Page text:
An international team of scientists has discovered the first evidence of a dinosaur devouring a mammal. The group re-examined a fossil that was discovered more than 20 years ago to come to this conclusion. This discovery was published in the Journal of Vertebrate Paleontology.
The findings build on those of a previous team that studied the fossil Microraptor zhaoianus in 2000. It was discovered in the Jiufotang Formation in western China. The research team dated it to around 120 million years ago. They noted that the fossil was missing most of its middle section but retained its rib cage.
Microraptors were three-toed dinosaurs that were carnivores like their larger cousins. They lived in trees and were about the size of a modern house cat in comparison to other dinosaurs. Some microraptors had feathers. These feathers could have been used to glide down from tree perches.
The researchers discovered evidence of another fossil inside the microraptor. This fossil once belonged to a tiny mammal in this new effort. A small fossil mammal foot was discovered just behind the ribs. It indicates that the larger creature had devoured a mouse-sized mammal.
Prior research has shown that dinosaurs ate other small creatures such as snakes, squamates and birds. But have never eaten a mammal. According to the researchers, the lack of mammal remains inside dinosaur stomachs is likely due to the rarity of finding any remains of other creatures inside dinosaurs.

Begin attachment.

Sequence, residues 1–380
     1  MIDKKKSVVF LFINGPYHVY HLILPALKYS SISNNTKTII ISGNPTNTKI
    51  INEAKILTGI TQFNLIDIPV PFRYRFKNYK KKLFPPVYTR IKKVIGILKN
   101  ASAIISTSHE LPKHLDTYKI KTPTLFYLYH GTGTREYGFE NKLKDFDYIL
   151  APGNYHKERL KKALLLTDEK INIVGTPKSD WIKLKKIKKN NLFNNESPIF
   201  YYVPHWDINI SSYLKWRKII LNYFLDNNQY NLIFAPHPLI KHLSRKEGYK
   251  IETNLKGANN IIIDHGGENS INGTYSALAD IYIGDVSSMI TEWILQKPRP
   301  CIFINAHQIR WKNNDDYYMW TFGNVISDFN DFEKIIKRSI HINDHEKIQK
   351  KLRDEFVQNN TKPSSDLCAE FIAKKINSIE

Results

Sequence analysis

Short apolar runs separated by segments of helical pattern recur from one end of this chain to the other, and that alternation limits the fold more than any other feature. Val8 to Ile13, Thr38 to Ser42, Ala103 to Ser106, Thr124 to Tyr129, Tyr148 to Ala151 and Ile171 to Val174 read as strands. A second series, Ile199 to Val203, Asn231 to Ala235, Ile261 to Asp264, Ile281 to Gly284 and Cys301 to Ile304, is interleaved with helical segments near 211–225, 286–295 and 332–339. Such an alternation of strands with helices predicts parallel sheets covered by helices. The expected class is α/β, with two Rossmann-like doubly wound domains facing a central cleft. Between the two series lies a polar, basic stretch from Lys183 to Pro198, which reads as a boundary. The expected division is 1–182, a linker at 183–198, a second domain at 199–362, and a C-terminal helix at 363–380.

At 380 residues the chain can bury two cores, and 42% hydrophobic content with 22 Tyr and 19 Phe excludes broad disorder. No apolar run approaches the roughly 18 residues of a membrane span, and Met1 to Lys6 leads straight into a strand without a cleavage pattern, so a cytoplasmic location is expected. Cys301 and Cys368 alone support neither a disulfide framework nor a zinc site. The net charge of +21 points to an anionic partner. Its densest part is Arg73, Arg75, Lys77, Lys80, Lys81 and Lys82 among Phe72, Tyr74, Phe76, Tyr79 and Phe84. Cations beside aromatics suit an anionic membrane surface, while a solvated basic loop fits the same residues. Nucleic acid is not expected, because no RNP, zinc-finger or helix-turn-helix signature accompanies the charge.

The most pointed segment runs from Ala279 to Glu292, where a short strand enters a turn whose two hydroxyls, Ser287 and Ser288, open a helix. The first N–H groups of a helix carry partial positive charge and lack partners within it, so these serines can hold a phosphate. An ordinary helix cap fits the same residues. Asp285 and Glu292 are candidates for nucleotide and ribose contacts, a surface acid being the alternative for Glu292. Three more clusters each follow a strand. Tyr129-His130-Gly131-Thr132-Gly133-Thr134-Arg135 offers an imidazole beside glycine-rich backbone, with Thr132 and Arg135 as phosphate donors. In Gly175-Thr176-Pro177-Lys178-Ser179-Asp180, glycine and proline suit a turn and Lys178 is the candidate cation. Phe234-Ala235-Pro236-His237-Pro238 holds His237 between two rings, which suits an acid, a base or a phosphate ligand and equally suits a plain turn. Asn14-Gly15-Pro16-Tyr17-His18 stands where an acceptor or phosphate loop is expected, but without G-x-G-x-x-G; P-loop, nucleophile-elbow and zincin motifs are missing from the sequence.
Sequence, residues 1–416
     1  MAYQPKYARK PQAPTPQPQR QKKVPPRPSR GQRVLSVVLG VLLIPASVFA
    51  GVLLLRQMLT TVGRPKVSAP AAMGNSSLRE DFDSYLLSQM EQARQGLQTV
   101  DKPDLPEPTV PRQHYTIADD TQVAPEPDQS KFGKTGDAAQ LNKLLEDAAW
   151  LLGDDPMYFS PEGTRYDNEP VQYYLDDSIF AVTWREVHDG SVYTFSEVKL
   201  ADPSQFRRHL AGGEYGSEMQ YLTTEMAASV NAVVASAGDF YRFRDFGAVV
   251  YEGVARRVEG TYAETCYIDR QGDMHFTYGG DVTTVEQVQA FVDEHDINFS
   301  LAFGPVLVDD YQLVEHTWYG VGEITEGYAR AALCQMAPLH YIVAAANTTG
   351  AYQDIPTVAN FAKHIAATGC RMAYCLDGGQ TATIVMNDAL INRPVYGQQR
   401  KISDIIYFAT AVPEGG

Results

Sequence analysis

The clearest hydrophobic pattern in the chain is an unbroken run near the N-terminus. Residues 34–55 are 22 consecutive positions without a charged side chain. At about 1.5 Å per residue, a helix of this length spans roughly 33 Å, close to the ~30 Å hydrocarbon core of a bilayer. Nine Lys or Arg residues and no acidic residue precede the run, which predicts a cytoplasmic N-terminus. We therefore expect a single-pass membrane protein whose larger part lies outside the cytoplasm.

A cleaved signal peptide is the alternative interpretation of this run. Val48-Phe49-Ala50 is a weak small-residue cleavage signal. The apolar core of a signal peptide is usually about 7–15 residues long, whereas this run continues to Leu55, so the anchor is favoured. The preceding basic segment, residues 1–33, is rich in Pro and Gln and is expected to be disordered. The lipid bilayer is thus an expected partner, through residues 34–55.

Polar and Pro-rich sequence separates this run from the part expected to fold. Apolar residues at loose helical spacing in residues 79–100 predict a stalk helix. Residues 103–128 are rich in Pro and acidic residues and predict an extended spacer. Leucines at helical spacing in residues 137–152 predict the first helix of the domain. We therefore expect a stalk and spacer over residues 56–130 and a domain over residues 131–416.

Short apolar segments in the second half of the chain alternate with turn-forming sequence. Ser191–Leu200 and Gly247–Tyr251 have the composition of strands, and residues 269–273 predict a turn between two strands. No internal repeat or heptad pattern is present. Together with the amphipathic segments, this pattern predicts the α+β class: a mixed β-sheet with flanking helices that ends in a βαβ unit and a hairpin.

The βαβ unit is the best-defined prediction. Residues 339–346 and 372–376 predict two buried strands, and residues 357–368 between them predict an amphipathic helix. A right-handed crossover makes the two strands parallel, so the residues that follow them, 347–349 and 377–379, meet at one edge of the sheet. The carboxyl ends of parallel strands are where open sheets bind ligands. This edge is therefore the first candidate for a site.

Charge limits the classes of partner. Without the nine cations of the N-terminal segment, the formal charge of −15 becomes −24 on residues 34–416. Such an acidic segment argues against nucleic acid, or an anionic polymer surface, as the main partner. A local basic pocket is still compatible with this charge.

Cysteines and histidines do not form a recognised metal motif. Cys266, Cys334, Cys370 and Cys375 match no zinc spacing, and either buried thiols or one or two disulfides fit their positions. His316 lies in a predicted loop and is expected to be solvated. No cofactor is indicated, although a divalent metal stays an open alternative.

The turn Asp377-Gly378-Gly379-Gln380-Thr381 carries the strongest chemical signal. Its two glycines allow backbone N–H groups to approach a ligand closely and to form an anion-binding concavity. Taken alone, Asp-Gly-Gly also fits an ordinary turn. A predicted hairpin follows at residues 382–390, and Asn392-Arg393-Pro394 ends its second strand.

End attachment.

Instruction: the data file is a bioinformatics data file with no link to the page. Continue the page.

The researchers have also been studying the foot of the microraptor’s remains. But they are yet to determine which type of mammal they belonged to. It had thin toes, like modern possums, but it was shorter. The researchers are also investigating whether the dinosaur actively pursued and ate the mammal or if it was merely scavenging. They point out that if it had glider-like wings. The wings could have swooped down and caught a small creature like the one found in its gut.
More information: David W. E. Hone et al, Generalist diet of Microraptor zhaoianus included mammals, Journal of Vertebrate Paleontology (2022). DOI: 10.1080/02724634.2022.2144337